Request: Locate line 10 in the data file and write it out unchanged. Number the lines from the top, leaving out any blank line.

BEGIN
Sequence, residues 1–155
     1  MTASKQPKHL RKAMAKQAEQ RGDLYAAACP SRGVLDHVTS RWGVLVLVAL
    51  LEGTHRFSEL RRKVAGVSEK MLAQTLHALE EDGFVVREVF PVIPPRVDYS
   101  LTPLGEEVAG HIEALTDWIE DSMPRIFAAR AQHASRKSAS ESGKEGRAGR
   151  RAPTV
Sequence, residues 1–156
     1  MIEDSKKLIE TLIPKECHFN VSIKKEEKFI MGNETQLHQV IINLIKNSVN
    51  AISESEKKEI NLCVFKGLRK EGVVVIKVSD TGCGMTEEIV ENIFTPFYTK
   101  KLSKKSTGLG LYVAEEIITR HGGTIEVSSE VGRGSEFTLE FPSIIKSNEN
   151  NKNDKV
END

   151  NKNDKV